Romney opposed changes in taxation of carried interest when he ran in 2007, although his current position is less clear.

Romney is the top choice of the securities and investment industry. His campaign has received $6.8 million with President Barack Obama a distant second at $2.3 million, according to the Center for Responsive Politics. The pro-Obama super PAC, Priorities USA Action, has collected $175,000 from the industry.

Wall Street investment bank Goldman Sachs’ employees have given $670,000 to the super PAC. According to the Center for Responsive Politics, Goldman employees have given more than $535,000 to the Romney campaign itself — the largest amount contributed by employees from any one company.

Neither the Romney campaign nor Restore Our Future responded to requests for comment for this story.

Top donors

Robertson is the founder of the now-defunct Tiger Management Corp. Now retired, he invests directly in other hedge funds, and has a network of “Tiger cubs” — hedge fund managers he mentored while they cut their teeth at Tiger Management.

He is a generous philanthropist, pledging more than half his wealth in line with Bill Gates’ and Warren Buffett’s Giving Pledge, a charitable effort focused on earning the support of billionaires. He also funds more than 30 full scholarships for students at Duke University and the University of North Carolina at Chapel Hill, his alma mater.

Of more than $3 million in federal contributions Robertson has given since 1996, $2.9 million have gone to Republicans and Republican committees. Robertson could not be reached for comment for this article.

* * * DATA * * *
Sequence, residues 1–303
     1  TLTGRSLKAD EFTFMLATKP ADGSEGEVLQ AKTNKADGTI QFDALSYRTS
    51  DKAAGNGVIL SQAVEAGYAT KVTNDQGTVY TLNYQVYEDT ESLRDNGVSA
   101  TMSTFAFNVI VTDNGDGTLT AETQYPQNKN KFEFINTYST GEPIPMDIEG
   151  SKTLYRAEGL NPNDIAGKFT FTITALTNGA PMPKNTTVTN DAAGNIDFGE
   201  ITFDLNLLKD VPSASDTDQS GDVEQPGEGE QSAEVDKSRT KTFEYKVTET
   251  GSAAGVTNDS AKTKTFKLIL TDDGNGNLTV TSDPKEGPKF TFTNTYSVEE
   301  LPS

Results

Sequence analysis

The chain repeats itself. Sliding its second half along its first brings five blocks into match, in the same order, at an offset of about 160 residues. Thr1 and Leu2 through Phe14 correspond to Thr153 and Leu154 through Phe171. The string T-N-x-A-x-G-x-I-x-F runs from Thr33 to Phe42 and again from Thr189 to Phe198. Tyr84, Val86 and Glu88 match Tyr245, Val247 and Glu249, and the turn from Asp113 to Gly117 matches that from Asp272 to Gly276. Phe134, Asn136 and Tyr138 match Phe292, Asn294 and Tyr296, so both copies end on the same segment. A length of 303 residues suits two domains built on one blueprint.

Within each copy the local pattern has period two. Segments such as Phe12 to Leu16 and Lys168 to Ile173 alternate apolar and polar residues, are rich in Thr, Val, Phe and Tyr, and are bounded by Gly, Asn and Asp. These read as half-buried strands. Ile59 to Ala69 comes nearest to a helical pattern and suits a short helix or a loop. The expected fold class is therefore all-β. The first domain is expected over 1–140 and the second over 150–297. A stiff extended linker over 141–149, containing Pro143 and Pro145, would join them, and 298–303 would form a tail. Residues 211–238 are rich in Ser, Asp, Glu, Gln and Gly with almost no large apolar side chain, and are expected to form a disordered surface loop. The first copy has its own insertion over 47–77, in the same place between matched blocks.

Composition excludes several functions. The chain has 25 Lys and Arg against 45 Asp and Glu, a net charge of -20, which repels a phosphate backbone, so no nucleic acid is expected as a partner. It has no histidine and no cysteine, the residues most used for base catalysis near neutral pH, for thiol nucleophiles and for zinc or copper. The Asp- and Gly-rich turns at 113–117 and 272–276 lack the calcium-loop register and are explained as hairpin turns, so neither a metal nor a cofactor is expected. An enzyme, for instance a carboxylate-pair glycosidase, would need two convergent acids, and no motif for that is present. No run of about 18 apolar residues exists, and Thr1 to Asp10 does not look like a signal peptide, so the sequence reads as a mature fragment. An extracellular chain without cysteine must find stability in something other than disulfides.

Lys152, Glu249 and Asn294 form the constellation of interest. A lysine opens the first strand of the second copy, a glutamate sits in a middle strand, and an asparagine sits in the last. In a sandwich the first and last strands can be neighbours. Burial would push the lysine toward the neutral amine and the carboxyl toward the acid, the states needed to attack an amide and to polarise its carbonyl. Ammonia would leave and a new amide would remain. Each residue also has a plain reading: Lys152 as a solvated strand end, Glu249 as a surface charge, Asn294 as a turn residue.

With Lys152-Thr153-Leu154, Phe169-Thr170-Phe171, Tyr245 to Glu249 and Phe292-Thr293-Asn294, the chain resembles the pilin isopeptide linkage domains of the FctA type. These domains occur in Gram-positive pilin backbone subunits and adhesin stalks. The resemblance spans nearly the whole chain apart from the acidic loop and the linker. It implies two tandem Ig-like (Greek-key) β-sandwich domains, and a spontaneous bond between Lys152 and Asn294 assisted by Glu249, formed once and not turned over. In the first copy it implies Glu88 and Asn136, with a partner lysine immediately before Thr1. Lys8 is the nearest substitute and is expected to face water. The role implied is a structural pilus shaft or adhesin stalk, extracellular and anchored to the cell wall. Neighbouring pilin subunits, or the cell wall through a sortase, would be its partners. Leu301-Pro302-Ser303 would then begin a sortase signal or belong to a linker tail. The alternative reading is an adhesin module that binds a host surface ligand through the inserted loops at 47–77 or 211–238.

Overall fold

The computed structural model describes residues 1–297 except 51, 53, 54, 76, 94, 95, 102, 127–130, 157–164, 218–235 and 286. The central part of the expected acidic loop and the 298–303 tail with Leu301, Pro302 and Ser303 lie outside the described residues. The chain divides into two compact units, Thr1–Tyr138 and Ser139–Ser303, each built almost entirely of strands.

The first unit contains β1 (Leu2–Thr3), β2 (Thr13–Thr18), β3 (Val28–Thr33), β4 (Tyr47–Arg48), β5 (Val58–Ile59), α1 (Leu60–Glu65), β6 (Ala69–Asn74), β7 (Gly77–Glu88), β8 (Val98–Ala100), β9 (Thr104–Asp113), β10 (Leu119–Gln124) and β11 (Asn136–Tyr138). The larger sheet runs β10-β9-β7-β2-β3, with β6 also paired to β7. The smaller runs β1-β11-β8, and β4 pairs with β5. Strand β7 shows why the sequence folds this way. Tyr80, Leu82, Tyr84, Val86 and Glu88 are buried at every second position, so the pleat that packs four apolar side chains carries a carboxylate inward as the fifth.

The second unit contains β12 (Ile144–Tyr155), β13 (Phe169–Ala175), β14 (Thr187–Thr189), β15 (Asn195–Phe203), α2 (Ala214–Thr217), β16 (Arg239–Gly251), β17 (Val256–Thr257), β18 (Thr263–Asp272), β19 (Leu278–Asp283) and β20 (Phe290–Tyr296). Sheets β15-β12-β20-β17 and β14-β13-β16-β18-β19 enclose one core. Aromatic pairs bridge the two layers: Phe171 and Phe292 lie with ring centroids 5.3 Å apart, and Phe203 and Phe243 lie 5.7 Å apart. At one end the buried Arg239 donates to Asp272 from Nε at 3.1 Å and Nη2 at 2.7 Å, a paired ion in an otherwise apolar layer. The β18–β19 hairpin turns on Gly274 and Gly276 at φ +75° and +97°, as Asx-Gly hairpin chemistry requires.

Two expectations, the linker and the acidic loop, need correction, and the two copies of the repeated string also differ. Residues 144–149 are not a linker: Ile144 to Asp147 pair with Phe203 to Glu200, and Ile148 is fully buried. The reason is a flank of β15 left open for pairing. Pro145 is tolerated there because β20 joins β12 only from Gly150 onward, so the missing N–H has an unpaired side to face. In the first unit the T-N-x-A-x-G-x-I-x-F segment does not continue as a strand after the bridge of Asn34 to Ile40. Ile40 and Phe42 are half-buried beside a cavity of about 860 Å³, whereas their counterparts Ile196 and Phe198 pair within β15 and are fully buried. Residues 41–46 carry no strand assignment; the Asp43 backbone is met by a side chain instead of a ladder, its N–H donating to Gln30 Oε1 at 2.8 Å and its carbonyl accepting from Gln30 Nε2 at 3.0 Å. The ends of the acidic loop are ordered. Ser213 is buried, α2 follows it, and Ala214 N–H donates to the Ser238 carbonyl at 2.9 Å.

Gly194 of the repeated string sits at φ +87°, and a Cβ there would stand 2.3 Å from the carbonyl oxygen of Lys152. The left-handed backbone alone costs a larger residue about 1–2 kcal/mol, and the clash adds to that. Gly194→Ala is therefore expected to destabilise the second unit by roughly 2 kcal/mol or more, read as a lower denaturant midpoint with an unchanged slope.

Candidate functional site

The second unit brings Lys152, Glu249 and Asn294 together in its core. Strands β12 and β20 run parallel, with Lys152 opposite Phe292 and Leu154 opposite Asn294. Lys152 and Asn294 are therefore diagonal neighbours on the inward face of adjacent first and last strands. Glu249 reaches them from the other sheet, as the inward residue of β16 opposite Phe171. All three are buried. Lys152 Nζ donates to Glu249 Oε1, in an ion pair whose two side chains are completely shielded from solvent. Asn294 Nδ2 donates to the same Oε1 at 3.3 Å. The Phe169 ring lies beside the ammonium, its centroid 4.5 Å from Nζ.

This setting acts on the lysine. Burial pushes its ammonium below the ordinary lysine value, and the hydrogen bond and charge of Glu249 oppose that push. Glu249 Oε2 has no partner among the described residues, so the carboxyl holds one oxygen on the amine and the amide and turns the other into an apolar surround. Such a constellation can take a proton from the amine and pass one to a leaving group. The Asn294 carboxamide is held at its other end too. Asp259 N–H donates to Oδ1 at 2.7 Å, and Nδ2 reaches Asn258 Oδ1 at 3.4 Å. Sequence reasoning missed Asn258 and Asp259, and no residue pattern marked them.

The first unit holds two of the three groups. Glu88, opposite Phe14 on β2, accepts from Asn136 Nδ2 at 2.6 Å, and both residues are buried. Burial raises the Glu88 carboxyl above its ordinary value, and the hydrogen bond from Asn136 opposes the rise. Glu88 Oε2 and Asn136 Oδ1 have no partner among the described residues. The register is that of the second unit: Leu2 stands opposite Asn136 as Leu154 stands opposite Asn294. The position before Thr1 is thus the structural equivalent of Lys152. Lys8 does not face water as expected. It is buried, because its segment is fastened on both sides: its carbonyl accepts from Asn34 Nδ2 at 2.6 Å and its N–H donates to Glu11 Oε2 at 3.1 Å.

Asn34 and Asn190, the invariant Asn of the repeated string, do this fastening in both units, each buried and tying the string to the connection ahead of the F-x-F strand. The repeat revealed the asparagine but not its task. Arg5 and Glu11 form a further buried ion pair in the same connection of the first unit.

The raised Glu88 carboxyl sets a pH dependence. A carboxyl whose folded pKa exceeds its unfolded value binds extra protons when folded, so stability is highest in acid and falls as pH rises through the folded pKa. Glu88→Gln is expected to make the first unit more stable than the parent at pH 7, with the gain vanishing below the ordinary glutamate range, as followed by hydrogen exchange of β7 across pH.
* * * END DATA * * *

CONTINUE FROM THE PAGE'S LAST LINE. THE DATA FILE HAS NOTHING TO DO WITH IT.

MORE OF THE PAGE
Among other seven-figure donors is Edward Conard, who originally made his $1 million donation under the name “W Spann LLC.” Conard is a former managing director of Bain Capital — the private equity company co-founded by Romney.

Current and former executives at Bain Capital and their families gave at least $3.1 million to Restore Our Future, including two households that contributed $1 million or more.

Conard came forward after numerous media outlets raised questions about the legitimacy of W Spann LLC. Conard could not be reached for comment.

Paul Singer, another $1 million donor, is the founder of Elliott Management, a hedge fund with $19 billion under management. Singer, whose net worth is estimated at $1 billion, made some of his fortune by purchasing debts owed by countries including Peru and the Republic of the Congo and suing them for payment.

Singer is a fiscal conservative and an outspoken critic of the Federal Reserve. But he’s not afraid to disagree with the Republican Party’s social conservatives. He also supports gay rights and was a key backer of the campaign to legalize gay marriage in New York.

A spokesman for Elliott Management who was familiar with Singer’s giving would not comment on the donation.

John Paulson was an early million-dollar donor. He is founder of Paulson & Co., a hedge fund with $22 billion under management. He made $15 billion during the recession by short-selling subprime mortgages, according to multiple news reports. He also could not be reached for comment.